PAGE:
Dial Global, a longtime radio force with a presence in the Santa Clarita Valley, is leaving town and closing its Valencia office, a station DJ said Friday.
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“They’ve restructured their financial difficulties and, in order to make the company more solvent, they’ve closed the Brentwood and Valencia offices, and dismissed quite a few people,” said Verna McKay, a longtime DJ for the station’s adult contemporary music afternoon programming.
“Six full-timers for sure,” she said, noting at least 12 more part-time staffers were also let go. “They’re closing the building and they’re moving a very small contingent to Culver City."
McKay is part of a group that was offered a job in Denver, to where she is currently contemplating a move.
“They are moving the office staff to Culver City,” she added. The office in Valencia will remain open until July, although on-air talent is expected to relocate by April 21.
She noted that downsizing was a challenge facing most media outlets.
“It’s the way the industry is going,” she said, noting that there were fewer and fewer hyperlocal voices afforded to communities. “Hometown Station is the exception to the rule.”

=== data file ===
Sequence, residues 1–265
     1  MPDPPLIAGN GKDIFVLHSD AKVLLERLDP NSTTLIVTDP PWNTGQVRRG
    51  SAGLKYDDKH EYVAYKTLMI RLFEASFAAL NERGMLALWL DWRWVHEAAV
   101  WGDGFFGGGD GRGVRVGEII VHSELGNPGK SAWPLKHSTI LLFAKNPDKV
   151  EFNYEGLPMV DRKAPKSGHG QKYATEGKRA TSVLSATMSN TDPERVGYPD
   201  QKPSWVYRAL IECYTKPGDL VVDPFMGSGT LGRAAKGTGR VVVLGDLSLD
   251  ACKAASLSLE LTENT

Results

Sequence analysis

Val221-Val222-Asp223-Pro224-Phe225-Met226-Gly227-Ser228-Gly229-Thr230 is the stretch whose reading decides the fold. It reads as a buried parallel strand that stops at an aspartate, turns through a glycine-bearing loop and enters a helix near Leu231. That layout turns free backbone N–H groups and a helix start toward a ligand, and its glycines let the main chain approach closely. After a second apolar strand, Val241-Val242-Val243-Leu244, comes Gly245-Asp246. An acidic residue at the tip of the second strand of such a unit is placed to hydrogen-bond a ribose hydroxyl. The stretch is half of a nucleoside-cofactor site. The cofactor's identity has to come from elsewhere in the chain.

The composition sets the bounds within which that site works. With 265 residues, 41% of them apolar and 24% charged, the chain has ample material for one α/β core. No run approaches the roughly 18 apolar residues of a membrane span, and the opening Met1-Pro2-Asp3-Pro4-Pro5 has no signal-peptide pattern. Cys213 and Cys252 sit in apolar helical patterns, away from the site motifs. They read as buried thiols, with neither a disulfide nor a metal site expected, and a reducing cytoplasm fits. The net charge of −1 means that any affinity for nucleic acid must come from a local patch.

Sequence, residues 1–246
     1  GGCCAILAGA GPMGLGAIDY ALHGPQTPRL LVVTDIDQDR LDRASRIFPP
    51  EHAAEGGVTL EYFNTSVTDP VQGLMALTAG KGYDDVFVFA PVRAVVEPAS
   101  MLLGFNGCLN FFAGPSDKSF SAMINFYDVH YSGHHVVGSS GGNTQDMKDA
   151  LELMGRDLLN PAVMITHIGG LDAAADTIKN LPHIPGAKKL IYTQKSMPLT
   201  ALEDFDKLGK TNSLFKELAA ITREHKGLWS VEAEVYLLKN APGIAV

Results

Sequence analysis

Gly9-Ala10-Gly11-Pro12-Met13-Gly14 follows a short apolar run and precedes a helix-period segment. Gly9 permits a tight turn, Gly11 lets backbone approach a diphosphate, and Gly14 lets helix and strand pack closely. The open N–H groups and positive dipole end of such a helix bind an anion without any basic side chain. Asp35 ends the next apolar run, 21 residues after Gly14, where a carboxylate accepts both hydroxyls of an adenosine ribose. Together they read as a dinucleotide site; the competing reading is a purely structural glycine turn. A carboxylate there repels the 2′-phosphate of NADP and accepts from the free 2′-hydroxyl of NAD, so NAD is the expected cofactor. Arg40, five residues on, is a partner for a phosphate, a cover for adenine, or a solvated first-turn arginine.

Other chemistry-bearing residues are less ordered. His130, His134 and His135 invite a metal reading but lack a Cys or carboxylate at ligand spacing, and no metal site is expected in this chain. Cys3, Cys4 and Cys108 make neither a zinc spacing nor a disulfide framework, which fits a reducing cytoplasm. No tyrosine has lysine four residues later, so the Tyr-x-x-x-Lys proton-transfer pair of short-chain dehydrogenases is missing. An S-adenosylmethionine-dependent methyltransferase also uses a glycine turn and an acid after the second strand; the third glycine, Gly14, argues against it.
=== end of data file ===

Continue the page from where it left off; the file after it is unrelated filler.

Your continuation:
Dial Global merged with the Jones Network, which saw an office of more than 100 reduced by about half, according to another source within the company that asked not to be named.
Some of the remaining staff were offered jobs in Denver and others in Dallas, where there are still offices.
KHTS co-owners Carl and Jeri Goldman helped point the national media presence to the Santa Clarita Valley in the early 90s, both of whom having worked with Unistar before the company settled into a Valencia industrial park and took part in a series of mergers and acquisition.
The company came to Santa Clarita after shutting down its Colorado Springs and Hollywood offices.
Jeri Seratti-Goldman was head of human resources for Unistar when the company moved here.
“It’s sad to see the end of an era happening,” Seratti-Goldman said. “Most people don’t realize how much broadcast history was sitting there over on the corner of Avenue Scott and Avenue Stanford.
“They had a quiet footprint on the SCV, but a massive influence throughout the country,” she said.
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